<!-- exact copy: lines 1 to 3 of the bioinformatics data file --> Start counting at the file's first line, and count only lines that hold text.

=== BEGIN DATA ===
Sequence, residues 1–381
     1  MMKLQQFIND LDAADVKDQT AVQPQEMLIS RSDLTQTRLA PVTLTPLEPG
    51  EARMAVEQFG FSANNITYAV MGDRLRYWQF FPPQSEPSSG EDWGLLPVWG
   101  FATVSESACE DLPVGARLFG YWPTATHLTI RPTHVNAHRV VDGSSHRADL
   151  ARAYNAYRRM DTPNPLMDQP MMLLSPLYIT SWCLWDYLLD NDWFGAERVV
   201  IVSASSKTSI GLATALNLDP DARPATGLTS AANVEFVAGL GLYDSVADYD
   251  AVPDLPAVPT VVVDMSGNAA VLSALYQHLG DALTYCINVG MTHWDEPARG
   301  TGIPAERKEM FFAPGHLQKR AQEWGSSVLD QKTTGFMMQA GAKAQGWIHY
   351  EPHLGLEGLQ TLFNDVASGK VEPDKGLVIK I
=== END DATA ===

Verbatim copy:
Sequence, residues 1–381
     1  MMKLQQFIND LDAADVKDQT AVQPQEMLIS RSDLTQTRLA PVTLTPLEPG
    51  EARMAVEQFG FSANNITYAV MGDRLRYWQF FPPQSEPSSG EDWGLLPVWG